A few months ago I read a most intriguing, intellectually challenging book that provides incredible insight on how people think. Written by Daniel Kahneman, a psychologist who won the 2002 Nobel Prize for Economics, Thinking, Fast and Slow is an amazingly informative read if you’re remotely interested in how people think and make decisions, and why. Based on Kahneman’s several decades of professional research, the book is also an incredibly difficult read that will make you painfully aware of just how lazy your System 2 can be. So what does this all have to do with my insulting imperative in the title? Did you catch the part about him being a psychologist who won the Nobel in Economics? In part it’s because Kahneman’s research stood all of modern accepted economic theory on its ear. See, economics is based on an assumption that humans are rational decision-makers. Kahneman proves that assumption is glaringly false. You are irrational (and so am I). Worse than that–we like it that way.
So what, you say? Well, for starters, your irrationality causes you to make some really poor decisions. I won’t attempt to try to summarize all of a 498 page book on how people think, but one concept Kahneman and other students of decision-making have explored is extremely relevant today. I’ve been struggling for quite some time to understand why large numbers of extremely intelligent people who I know (and many more that I don’t) can be so easily deceived by information, statistics, and sound bites that are sensational and powerfully emotive, that with minimal basic research will prove to be manipulatively misleading, if not totally inaccurate. Kahneman, and those who have built upon his research, have given description and supportive research to a behavioral bias that I have observed on my own: our human tendency is to look for evidence to support what we already believe, and to avoid or discount any evidence which contradicts our beliefs. Referred to in decision-making as the supporting evidence bias, variants also appear in scientific research (the systematic positive bias).
Two (potentially) big problems here:
1) WYSIATI: Kahneman identifies a phenomenon in thinking that he refers to as “What You See Is All There Is.” When operating in our “fast-thinking” mode (System 1), we tend to make snap, intuitive decisions based on the information readily at hand, as if that’s all the information that exists. Unfortunately, it’s those things that we don’t know about which can often cause us the most harm (as former SecDef Donald Rumsfeld so famously and accurately opined).
Example: A school teacher living in the Midwest earns $30,000 per year. In an effort to improve her standard of living, she seeks teaching jobs in other parts of the country, and takes a job teaching in Bush Alaska paying $60,000 per year. While expecting to double her income and her standard of living, she fails to take into account that the cost of basic necessities in Bush Alaska can be double to quadruple the cost of the same items in the Midwest. By failing to consider the unknowns, and failing to seek evidence to disprove her assumptions, she inadvertently lowered her standard of living.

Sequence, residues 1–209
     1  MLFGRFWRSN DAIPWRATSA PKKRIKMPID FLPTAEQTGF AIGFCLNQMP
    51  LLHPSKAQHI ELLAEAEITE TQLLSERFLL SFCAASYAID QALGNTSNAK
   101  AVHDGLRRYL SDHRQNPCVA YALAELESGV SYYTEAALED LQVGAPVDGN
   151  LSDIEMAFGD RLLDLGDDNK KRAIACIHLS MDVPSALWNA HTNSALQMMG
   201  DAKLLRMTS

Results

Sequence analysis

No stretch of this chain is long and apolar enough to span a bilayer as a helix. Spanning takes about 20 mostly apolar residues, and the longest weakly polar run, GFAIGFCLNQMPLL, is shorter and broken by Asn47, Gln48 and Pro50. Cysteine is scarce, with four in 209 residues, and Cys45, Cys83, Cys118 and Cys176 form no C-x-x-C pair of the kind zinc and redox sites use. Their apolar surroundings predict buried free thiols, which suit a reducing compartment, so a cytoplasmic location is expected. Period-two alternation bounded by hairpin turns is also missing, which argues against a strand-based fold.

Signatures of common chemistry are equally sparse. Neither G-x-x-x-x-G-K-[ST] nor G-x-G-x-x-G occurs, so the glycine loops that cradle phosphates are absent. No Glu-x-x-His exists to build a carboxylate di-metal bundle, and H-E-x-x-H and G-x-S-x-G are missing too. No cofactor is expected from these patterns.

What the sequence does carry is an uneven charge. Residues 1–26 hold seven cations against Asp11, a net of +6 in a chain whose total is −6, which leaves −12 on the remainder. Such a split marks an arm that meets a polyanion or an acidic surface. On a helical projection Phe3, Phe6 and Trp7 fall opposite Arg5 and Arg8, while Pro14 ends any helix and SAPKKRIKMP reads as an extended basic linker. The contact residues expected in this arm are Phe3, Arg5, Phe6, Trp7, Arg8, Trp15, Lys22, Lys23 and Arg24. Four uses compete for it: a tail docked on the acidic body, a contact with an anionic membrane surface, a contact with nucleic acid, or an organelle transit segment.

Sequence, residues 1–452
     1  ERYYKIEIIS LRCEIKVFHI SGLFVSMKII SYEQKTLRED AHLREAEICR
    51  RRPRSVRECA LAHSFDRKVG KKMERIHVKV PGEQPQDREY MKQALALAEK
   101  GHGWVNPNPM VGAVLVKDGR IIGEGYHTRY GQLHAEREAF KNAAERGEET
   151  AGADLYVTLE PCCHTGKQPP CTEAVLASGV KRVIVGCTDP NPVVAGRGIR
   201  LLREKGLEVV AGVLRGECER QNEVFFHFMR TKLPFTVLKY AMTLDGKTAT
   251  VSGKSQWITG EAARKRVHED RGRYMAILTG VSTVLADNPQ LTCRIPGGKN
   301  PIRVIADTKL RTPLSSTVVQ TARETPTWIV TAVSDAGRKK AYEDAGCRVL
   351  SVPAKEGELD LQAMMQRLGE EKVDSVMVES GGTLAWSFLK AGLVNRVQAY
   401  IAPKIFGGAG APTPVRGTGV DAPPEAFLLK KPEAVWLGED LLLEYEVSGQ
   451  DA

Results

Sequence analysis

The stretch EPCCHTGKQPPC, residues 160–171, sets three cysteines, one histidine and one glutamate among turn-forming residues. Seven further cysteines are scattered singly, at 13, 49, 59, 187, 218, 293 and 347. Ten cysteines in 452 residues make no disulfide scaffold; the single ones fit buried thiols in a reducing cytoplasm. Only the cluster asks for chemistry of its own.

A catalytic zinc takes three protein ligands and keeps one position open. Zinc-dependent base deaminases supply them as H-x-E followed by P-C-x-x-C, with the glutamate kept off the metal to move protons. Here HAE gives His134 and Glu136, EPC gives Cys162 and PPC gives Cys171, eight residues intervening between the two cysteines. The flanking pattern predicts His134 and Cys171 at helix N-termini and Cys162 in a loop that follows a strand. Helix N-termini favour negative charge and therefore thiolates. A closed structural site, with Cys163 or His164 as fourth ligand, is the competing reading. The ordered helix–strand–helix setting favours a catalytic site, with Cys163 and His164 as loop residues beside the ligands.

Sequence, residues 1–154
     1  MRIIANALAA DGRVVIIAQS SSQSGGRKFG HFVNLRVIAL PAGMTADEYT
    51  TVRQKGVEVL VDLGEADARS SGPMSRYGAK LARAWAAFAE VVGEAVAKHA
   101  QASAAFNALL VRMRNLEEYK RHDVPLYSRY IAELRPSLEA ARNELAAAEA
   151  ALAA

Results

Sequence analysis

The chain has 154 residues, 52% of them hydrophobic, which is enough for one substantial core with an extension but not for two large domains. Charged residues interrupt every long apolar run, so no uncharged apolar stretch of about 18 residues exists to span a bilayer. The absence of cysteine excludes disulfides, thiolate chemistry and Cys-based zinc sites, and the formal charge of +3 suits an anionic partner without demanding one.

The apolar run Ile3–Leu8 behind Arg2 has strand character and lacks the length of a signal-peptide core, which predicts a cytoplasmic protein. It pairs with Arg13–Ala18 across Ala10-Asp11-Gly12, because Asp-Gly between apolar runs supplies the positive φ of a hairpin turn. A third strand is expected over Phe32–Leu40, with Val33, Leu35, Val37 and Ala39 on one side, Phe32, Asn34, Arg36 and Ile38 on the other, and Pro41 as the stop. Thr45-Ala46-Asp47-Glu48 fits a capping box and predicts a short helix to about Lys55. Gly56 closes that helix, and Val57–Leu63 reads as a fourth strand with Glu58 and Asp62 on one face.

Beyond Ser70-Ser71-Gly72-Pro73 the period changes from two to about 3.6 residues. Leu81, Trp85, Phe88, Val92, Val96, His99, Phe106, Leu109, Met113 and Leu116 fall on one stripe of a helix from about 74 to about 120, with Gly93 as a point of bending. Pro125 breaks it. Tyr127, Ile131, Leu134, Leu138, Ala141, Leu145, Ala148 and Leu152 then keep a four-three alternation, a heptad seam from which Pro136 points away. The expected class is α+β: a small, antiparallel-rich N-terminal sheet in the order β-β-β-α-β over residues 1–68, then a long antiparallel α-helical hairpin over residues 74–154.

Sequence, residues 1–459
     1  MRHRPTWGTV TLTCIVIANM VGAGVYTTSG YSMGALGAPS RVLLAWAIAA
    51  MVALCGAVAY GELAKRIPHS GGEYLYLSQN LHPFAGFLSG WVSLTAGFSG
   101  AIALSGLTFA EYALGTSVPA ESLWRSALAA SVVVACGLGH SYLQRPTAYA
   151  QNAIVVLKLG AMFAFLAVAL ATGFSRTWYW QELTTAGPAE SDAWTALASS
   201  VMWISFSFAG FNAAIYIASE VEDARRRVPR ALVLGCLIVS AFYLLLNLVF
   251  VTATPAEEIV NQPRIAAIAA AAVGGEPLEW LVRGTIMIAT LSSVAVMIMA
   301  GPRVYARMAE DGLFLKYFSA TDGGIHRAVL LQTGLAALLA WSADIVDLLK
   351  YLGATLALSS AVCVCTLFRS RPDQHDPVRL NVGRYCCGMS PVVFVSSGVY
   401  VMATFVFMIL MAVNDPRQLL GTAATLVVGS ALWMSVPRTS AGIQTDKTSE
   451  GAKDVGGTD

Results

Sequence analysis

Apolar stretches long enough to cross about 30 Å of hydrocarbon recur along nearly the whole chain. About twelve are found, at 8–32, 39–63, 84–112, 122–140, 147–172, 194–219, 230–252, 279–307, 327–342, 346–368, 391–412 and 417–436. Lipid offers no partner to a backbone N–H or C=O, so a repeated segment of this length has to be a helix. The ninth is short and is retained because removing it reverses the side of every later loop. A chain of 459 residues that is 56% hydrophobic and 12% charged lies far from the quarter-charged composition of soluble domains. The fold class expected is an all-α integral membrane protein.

2) Failing to seek contrary information can lead to inaccurate results: A more clinical example here.
“Students were given the sequence of numbers 2, 4, 6 and told to determine the rule that generated the numbers. To check hypotheses, they could choose a possible next number and ask whether that number was consistent with the rule. Most students asked whether a next number “8” would be consistent with the rule. When told it was, they expressed confidence that the rule was, “The numbers increase by 2.” Actually, the rule was, “Any increasing sequence.” A better test would have been to check whether a next number incompatible with the hypothesis (e.g., “7”) was consistent with the unknown rule.”
In other words, you’re irrational. But so am I, and Dr. Kahneman even acknowledges that he is too. Now you’re aware that you have a problem-what are you going to do about it? Here’s what I have done:
1) Make it a habit when facing difficult, important, or costly decisions, to deliberately seek to disprove my preferred position. This is incredibly difficult to do, but it’s powerful. First, though, I have to acknowledge I have a bias, and make a concerted effort to set the bias aside while I attempt to prove the opposite.
2) Deliberately seek experiences that are outside my comfort and familiarity (within reason here…). Read things I disagree with. Listen to both Fox News and MSNBC. Better yet, seek primary sources to understand the full details of what was said or written, not just the selectively re-broadcast sound bites. Cultivate friendships with people who believe differently than me. Notice I said “friendships.” They’re my friends. I love and respect them. I get to know them for who they are, and I appreciate them. Then when I find myself in disagreement with them over an idea, I can more readily seek first to understand and appreciate their position, even if I still disagree. Sometimes, I even find out that I’m less than fully informed!
3) Assume that I don’t have all the information, and when I find that I am dumbfounded by the stupidity of others who can’t see the solution that is so right and obvious to me, recognize that I am almost assuredly operating under WYSIATI.
I’ll leave you with what is arguably my favorite quote from almost 500 pages of deep, intriguing thoughts: “We know that people can maintain an unshakable faith in any proposition, however absurd, when they are sustained by a community of like-minded believers” (Kahneman, 217).
Supporting evidence bias is inherently irrational, and it’s hurting our culture today. I want to think better.